The semi-structured interviews will be conducted before and after the dialogue seminar. The interviews (pre and post the seminar) and the participant observation will focus only on one of the three groups who are going to take part in the ISFiT Dialogue seminar, and at the post seminar interview it may be possible to conduct a group interview. As opposed to the qualitative approach to the study, all of the three groups will receive a questionnaire before and after the seminar.
She has tried to reformulate the "human inventory index" into an index for humiliation experienced as a group member. She searches for other ways of measuring humiliation that are more connected with conflict and experienced humiliation because of ones group belonging and asks whether there is a way to measure humiliation that is more related to how people experience humiliation in conflict.

Pamela M. Creed, Myth, Memory and Militarism: The Evolution of an American War Narrative, doctoral dissertation, Doctor of Philosophy, George Mason University

Pamela M. Creed, Ph.D., Conflict Analysis and Resolution, George Mason University, Fairfax, VA, USA

The Dominant American Narrative between 9/11/01 and the Invasion of Iraq, an introduction to a potential dissertation, presented at the 2006 Workshop on Humiliation and Violent Conflict, Columbia University, New York, December 14-15, 2006. This evolved into a completed dissertation titled: Myth, Memory and Militarism: The Evolution of an American War Narrative. The dissertation aims to analyze the dominant American narrative between 9/11/01 and the invasion of Iraq through positioning theory and the literature on American national myths, humiliation and conflict.

Zuzana Luckay, The Concept or Regaining Dignity and the Manifestations of this Process in Post-Apartheid South- African Literature

Zsuzsanna Lucskay, PhD researcher, P.J. Šafárik University (UPJS) in Košice, Slovakia

The central topic of my PhD research is the concept of regaining dignity and the manifestations of this process in post-apartheid South African literature. Whether a quality or state of being worthy of esteem or respect, dignity is a very complicated and sensitive issue for various reasons. The deliberate degradation of dignity has often been used as a power-tool in history. In the past few decades the role of dignity has changed significantly worldwide, but especially in countries, which underwent radical political changes. It is now a human right protected by the constitution in South Africa (and other countries) and by international law. I believe that dignity cannot be granted or given, instead it is the circumstances, which allow it to be upheld that can be created and maintained. In an unjust political system (like apartheid or communism) the circumstances for maintaining dignity are rather difficult or lacking altogether. Nonetheless, the end of an oppressive system does not entail the consequential appearance of dignity. I investigate the mechanisms of the process of regaining dignity, the circumstances for its maintenance and its various aspects on a social and individual level. Dignity has sociological, psychological, philosophical, legal, moral, cultural, ethical etc. aspects but I would like to take literature, language and the text as the focal point for studying the phenomenon. I would like to examine the sources and aspects of dignity and its role in the lives of individuals via contemporary South African literature. For my analysis I intend to use a selection of contemporary South African novels in English.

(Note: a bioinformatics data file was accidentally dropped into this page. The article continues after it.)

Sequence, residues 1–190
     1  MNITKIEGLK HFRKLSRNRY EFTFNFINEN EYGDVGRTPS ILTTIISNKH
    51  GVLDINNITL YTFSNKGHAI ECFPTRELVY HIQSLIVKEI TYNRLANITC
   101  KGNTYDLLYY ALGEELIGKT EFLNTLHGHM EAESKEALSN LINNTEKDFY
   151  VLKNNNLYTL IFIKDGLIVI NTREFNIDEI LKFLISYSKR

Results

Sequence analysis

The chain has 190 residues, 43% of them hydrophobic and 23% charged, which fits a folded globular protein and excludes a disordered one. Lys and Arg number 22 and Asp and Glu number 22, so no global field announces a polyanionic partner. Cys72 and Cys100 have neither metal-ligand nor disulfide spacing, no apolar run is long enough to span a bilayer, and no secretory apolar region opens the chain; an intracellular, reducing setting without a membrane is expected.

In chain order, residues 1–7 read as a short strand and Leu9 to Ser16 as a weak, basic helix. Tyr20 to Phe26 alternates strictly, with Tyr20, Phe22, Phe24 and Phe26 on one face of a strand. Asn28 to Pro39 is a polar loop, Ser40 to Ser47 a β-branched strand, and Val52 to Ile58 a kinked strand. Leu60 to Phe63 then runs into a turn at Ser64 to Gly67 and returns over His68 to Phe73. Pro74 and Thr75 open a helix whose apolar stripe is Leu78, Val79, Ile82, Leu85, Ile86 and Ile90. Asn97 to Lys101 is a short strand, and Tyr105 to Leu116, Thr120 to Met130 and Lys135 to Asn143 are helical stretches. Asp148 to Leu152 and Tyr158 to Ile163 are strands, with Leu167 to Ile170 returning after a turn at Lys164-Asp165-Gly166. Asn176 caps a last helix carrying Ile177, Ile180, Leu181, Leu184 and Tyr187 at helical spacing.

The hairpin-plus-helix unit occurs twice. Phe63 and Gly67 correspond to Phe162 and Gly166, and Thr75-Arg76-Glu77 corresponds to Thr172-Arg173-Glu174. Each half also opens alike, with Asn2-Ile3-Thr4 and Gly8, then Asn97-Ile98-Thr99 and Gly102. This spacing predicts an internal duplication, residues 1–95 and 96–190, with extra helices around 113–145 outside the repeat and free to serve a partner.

Ashraf Salama, World Architecture for Equal Dignity (WAED)

Dr. Ashraf Salama, King Fahd University, Saudi Arabia
Architecture makes tangible meanings; it creates metaphors of the ideals and beliefs of a group (Rapoport, 1979). It is created in a field of tension between reason, emotion, and intuition. It is the manifestation of the ability to conceptualize and execute the idea of building rooted in humane tradition (Salama, 1995). Concomitantly, our belief is that cultural diversity should receive more respect and attention and should be integral to architectural education and practice and truly manifested in the built environment. Read a book chapter on Incorporating Knowledge about Cultural Diversity into Architectural Pedagogy (1999), by Ashraf Salama. In this respect, our belief is translated into several thematic issues we intend to address in our planned activities.

Neil Altman, The Concept of Humiliation and Equal Dignity

Neil Altman, New York University